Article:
Excerpts from: SPARC e-news/August-September 2002

From: Peter Suber <peters_at_earlham.edu>
Date: Fri, 27 Sep 2002 12:33:38 +0100

Excerpts from *SPARC e-news* August-September 2002
>From the Scholarly Publishing and Academic Resources Coalition
http://www.arl.org/sparc, http://www.sparceurope.org
Responses and subscription requests to: alison_at_arl.org

NB: Registration is still open for October's SPARC-sponsored workshops on
Institutional Repositories and E-Print Archives in Washington, DC and
Geneva. Please see <?page=h23> for

Report on ALPSP Roundtable on Open Access
Upcoming conferences & workshops

SPARC Scientific Communities

eScholarship (California Digital Library [CDL])

University of California International and Area Studies (UCIAS) has
launched the UCIAS Digital Collection
(http://repositories.cdlib.org/uciaspubs/), a peer-reviewed electronic
publications program. UCIAS is a partnership of the University of
California Press, the eScholarship program at the California Digital
Library, and internationally oriented research units on eight University of
California campuses.

UCIAS (http://repositories.cdlib.org/uciaspubs/about.html) publishes
peer-reviewed articles, monographs, and edited volumes generated by
research projects, workshops, seminars, and conferences at internationally
oriented institutes, centers, and programs involving the University of
California. All publications are peer reviewed according to standards set
by an interdisciplinary UCIAS editorial board. UC Press will publish and
sell hard-copy versions of selected UCIAS volumes. The digital publications
will be available free of charge and made persistently available through
the CDL.

2c. SPARC Leading Edge


The BIOMED CENTRAL (BMC) Institutional Membership Program has now attracted
more than 50 members, including Harvard, Princeton, the World Health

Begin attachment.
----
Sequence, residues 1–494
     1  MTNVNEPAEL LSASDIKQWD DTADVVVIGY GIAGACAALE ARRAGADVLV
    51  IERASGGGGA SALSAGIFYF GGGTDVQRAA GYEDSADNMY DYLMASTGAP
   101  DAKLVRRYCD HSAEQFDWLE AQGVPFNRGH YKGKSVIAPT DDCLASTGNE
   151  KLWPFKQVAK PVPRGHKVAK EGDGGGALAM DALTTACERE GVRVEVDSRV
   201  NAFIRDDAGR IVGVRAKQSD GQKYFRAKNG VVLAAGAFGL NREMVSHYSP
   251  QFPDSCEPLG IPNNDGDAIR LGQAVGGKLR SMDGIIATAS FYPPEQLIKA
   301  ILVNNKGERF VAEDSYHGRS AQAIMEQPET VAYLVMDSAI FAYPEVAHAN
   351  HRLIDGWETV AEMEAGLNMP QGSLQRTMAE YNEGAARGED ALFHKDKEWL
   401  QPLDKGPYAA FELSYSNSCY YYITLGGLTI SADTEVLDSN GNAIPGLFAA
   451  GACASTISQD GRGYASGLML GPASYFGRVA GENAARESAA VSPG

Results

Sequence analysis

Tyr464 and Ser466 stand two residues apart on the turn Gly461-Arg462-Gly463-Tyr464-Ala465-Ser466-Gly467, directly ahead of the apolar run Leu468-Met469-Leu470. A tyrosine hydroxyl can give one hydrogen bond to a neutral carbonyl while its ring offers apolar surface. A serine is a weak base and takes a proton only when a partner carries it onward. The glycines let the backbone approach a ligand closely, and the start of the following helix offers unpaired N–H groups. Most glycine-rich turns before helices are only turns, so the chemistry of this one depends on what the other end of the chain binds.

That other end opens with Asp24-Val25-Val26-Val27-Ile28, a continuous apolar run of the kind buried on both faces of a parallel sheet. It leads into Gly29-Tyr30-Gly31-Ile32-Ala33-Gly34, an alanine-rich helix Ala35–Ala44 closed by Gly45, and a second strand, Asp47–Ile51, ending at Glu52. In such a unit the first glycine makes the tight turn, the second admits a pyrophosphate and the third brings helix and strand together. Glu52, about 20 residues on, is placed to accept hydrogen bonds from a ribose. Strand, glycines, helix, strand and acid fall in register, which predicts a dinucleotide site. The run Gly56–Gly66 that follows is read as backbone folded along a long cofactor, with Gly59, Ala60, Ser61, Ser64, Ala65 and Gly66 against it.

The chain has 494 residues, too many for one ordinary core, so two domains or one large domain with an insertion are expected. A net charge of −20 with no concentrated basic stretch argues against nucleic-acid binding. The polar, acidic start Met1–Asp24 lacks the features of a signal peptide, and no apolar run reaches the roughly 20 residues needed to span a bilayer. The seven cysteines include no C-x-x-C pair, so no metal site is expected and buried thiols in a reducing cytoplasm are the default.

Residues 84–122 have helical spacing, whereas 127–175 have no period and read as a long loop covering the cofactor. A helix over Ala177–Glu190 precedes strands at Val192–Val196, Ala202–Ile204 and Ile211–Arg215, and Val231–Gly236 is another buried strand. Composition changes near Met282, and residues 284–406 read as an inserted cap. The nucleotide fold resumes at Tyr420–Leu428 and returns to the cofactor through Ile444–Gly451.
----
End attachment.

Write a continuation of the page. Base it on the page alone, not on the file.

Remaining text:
Organization and the University of California system. By becoming members
of BMC, these institutions have chosen to actively support open access, a
policy that is at the heart of its publishing activity. There are over 80
BMC open access journals (see
http://www.biomedcentral.com/libraries/oajournals.asp). All researchers at
member institutions whose research is accepted for publication in BIOMED
CENTRAL's peer reviewed open access journals are eligible for a processing
charge waiver. More information about the membership program can be seen at


NJP continues its recent growth with 67 papers published to date in 2002.
Over 165,000 papers have now been downloaded since the journal's launch.

5. ALPSP Roundtable on Open Access: Report by David Prosser, Director,
SPARC Europe (incoming)

On 13th September Raym Crow, SPARC Senior Consultant, presented a paper on
converting existing journals to open access to a group of UK publishers in
London. The round-table meeting, co-sponsored by the Association of
Learned and Professional Society Publishers (ALPSP) and the Open Society
Institute (OSI), considered the future of journal publishing and,
specifically, the opportunities (and threats) that open access brings to
researchers, librarians, and publishers. Raym suggested that there is no
single financial model for open access journals (where online access to the
literature is free to all at the time of publication) and that different